PDA

View Full Version : cutting loses muscle?



peatr99
03-25-2003, 06:58 PM
can someone explain why a cutting cycle makes you lose muscle? Isn't protein the thing that builds muscle? So if you keep your protein intake up, and you eat less fat and carbs, wouldn't you maintain or build muscle because muscles aren't made of carbs and fat?

I know thats incorrect but i need someone to explain it correctly.

EdgarMex
03-25-2003, 07:02 PM
I'm no expert, but the rest of the guys here will tell you that in order to build muscle you need to eat more calories than you burn. When you're cutting, you are in a caloric defict in order to bern the excess fat. In that process you will lose muscle, how much you lose depends on your diet. If you don't lower you calorie intake too much (the usual formula for cutting is 12 cals per pound of bodyweight) and keep your protein consumption at over 1 gr per pound of bodyweight the muscle loss will be minimum.

I think that about sums it up. Guys, if the above needs to be corrected please let me know

peatr99
03-25-2003, 07:08 PM
well i'm aware of the basic idea, but what is the actual process behind it? not necessarily in a totally medical way, but more detailed into what actually happens. specifically, why do you need fat and carbs to build muscle if its made of protein. thanks.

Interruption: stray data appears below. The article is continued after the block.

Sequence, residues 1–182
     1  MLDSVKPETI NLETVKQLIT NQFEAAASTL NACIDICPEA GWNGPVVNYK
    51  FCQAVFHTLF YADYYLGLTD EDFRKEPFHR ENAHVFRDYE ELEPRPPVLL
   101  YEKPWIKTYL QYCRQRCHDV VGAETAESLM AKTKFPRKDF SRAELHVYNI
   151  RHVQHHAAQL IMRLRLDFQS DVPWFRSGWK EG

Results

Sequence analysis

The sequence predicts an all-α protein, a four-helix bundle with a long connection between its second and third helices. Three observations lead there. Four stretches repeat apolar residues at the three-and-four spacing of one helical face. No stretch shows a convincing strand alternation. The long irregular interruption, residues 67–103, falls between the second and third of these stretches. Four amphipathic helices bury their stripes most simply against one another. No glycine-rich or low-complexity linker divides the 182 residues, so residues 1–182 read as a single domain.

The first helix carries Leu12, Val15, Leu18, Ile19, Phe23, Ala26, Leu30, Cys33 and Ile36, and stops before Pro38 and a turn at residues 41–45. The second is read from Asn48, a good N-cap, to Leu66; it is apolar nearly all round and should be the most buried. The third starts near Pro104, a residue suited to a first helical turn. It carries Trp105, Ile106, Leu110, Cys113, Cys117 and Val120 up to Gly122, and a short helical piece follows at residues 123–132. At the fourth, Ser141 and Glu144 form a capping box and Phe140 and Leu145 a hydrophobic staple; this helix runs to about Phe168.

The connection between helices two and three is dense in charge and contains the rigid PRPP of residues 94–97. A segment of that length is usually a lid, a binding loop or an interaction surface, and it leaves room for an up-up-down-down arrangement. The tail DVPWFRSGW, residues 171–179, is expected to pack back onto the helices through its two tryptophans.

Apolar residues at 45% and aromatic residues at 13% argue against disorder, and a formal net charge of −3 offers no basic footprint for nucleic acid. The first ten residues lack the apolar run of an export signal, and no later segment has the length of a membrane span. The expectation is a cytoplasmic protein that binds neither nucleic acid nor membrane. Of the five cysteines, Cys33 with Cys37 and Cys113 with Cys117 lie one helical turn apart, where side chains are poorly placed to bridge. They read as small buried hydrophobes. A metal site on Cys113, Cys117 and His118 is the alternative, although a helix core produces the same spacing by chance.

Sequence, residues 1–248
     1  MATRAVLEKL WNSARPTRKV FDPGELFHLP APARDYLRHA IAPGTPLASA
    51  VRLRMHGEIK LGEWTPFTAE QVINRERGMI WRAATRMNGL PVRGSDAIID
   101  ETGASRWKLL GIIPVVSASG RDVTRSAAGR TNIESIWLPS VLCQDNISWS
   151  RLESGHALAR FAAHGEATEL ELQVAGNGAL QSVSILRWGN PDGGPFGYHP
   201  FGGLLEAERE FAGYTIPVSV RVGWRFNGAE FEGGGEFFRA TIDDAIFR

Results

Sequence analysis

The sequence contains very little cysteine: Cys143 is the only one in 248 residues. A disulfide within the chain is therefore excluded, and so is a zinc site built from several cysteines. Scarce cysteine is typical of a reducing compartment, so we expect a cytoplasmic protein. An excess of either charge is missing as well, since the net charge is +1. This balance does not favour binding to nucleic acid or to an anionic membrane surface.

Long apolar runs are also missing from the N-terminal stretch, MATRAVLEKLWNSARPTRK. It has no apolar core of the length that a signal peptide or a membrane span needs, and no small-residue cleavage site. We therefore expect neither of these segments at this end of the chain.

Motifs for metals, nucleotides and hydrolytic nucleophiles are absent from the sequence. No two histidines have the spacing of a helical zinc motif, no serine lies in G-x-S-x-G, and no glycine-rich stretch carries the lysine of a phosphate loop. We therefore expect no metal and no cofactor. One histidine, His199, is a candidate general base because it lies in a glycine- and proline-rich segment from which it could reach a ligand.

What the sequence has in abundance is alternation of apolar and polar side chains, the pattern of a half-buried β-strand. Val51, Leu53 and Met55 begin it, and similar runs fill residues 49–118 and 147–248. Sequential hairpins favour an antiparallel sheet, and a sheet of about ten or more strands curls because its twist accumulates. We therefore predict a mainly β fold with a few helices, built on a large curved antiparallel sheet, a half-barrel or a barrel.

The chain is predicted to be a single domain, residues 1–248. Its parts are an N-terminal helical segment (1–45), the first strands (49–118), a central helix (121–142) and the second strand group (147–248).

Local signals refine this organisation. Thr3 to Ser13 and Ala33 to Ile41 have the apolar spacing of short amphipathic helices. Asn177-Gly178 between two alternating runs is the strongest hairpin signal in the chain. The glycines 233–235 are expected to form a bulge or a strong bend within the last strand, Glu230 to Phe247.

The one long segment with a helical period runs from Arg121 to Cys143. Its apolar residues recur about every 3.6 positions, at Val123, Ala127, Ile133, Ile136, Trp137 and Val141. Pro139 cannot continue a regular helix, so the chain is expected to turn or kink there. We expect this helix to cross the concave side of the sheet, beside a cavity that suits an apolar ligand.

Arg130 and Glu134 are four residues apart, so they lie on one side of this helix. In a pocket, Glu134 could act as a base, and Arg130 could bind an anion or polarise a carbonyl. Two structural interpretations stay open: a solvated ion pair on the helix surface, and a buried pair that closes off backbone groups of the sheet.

EdgarMex
03-25-2003, 07:15 PM
I read this stuff on Power Eating, but I don't have the book with me to give you the explanation. From what I remember, carbs are the preferred source of fuel when excercising, because they can be broken down easier than fat and protein. Protein is important during recovery to repair damaged muscle from the wrokout and to build new muscle. I can't remember exactly the role fat plays into all this.

AJ_11
03-25-2003, 07:18 PM
Originally posted by peatr99
well i'm aware of the basic idea, but what is the actual process behind it? not necessarily in a totally medical way, but more detailed into what actually happens. specifically, why do you need fat and carbs to build muscle if its made of protein. thanks.

It all comes down to energy. Your body uses what is available and uses that for living and muscle repair. If you are in calorie deficient, there is less energy for you body to use for repair.

Carbos are your bodies main source of energy. Fats can also be used for energy through ketosis. If you limit both fats and carbos in a diet and up you protein, then protein become a source of energy through a process call glucosenisis(sp?)

Your main goal should be to start at your maintenence cals then lower overall caloric intake. Try to limit weighloss to about 1lb a week then you will lose more from fat then from muscle.

Hope that answers your questions.

I am sure there is quite a bit more to this but I hoped that I put it in the simplest way possible.

peatr99
03-25-2003, 07:18 PM
so when cutting, your body starts using your own muscles are fuel? you consume yourself like a cannible?

BCC
03-25-2003, 07:19 PM
Props to you for spelling "loses" correctly! A WBB first! Congratulations! :thumbup:

:cool::cool:

EdgarMex
03-25-2003, 07:20 PM